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UPDATE 2-Brazil April trade surplus doubles from year ago
May 4, 2009 / 2:24 PM / 9 years ago

UPDATE 2-Brazil April trade surplus doubles from year ago

* April trade surplus doubles to $3.7 bln year-on-year

* Imports slump 14 pct, exports rise 4.3 pct in April

* Highest surplus since May 2008 (Recasts, adds details, context and quote)

SAO PAULO, May 4 (Reuters) - Brazil’s trade surplus doubled in April from a year ago to its biggest level in nearly a year, as imports fell at a faster rate than exports with the economy slowing because of a global financial crisis.

Brazil posted a trade surplus BRTBAL=ECI of $3.7 billion in April -- the biggest surplus since May 2008-- compared with a surplus of $1.77 billion in March, the trade ministry said on Monday.

The surplus was higher than the $3.2 billion median estimate of 15 economists in a Reuters survey. The surplus estimates ranged from $3 billion to $3.5 billion surplus.

“There is a recovery in demand and credit (for exports),” said Brazil’s Foreign Trade Secretary Welber Barral, adding that any comparison with last year needed to take into account that this time last year a strike disrupted shipment of various products.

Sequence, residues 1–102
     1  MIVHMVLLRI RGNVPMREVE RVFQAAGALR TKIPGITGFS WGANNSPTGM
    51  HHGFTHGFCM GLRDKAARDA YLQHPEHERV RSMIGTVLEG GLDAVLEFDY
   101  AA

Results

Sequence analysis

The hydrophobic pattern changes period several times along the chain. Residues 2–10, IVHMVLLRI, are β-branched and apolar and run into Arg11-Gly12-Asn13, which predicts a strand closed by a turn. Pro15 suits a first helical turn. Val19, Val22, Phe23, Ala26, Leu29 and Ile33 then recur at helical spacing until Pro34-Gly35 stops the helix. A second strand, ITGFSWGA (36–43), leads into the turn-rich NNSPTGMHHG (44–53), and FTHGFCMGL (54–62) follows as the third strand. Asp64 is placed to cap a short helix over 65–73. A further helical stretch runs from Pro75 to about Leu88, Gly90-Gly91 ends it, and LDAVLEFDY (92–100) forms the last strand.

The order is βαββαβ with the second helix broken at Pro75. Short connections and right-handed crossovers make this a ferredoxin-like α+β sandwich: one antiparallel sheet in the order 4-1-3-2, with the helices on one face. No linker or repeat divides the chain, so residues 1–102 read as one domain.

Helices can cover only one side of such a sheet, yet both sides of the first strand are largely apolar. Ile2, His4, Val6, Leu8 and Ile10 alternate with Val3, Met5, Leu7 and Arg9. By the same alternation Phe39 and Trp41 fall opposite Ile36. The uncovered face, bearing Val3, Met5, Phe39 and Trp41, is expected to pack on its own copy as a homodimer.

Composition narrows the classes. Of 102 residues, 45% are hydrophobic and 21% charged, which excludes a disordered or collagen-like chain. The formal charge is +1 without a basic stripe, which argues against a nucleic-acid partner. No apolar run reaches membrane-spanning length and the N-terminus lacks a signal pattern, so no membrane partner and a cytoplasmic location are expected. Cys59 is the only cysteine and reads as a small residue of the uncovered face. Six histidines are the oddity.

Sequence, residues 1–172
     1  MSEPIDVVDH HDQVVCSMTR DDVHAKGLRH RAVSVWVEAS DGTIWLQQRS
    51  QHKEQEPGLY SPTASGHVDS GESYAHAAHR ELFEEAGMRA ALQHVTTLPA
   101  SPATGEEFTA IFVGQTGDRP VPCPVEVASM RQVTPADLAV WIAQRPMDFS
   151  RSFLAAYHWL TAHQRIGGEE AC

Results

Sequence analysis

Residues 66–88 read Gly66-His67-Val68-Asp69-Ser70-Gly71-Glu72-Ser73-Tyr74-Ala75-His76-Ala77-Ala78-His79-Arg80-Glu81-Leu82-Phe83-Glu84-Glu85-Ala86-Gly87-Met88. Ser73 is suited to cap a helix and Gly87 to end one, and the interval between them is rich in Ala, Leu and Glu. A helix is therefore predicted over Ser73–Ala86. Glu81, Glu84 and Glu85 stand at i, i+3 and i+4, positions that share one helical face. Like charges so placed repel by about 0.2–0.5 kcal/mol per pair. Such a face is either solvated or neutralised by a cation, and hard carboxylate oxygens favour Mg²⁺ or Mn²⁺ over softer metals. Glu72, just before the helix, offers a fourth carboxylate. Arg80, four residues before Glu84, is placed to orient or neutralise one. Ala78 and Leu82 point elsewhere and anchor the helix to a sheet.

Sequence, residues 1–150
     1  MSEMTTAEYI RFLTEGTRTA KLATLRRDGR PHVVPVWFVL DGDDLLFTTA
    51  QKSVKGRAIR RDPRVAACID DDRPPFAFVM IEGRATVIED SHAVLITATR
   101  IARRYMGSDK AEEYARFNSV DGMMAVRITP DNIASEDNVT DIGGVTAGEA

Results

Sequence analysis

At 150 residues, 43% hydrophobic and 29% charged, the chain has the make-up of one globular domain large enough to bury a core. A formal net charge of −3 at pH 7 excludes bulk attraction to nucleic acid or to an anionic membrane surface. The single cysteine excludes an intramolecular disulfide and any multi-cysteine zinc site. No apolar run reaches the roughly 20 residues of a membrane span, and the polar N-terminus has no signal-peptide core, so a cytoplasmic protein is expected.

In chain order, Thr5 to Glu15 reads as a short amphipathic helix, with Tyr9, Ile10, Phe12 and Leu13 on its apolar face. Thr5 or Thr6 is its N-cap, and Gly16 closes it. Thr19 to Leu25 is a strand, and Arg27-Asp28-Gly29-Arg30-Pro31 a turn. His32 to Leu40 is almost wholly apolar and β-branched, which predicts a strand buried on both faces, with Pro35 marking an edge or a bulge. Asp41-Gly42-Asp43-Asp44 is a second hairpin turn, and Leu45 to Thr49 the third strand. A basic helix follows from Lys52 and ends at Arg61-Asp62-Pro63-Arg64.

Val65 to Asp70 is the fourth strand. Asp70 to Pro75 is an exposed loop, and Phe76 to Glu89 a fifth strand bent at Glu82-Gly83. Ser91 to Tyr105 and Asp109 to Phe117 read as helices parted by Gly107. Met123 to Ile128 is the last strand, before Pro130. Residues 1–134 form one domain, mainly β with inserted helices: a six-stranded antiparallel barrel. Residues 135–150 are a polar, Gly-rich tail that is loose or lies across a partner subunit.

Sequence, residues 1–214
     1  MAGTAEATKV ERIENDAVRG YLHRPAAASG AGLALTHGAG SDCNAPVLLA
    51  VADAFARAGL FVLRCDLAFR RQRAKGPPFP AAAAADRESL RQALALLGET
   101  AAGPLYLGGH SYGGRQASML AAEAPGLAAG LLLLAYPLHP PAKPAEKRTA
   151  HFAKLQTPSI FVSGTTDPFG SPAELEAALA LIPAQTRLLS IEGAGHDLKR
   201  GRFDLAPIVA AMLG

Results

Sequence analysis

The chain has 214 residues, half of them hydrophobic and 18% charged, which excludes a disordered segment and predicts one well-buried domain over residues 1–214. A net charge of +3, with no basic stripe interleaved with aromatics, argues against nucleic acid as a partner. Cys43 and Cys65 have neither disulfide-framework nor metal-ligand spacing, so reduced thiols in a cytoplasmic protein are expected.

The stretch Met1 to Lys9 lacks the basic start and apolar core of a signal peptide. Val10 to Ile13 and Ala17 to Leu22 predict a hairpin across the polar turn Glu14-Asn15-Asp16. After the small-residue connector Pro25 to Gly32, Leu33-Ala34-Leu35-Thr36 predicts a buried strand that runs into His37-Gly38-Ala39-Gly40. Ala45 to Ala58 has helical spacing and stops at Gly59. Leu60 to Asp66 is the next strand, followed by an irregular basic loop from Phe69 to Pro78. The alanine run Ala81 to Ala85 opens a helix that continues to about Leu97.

He said China had been the main consumer of Brazilian products in recent months, surpassing the United States as the country’s main trading partner in April for the first time ever and preventing a bigger fall of Brazilian exports.

”Our aim is to diversify and add value to our exports to China which today are still too concentrated in basic goods,“ Barral added.”

Exports rose 4.3 percent in April from March to $12.32 billion but were down 12.3 percent from a year earlier. Brazil is among the world’s top commodity exporters.

Imports fell 14 percent month-on-month in April to $8.61 billion and sank 30.1 percent from the same month last year as a weak Brazilian real BRBY made it more expensive to buy overseas goods.

Brazil’s trade surplus already widened in March from a year ago as a slowdown in Latin America’s largest economy took a bigger bite out of its imports than exports. (Isabel Versiani and Elzio Barreto; Writing by Ana Nicolaci da Costa; editing by Carol Bishopric)

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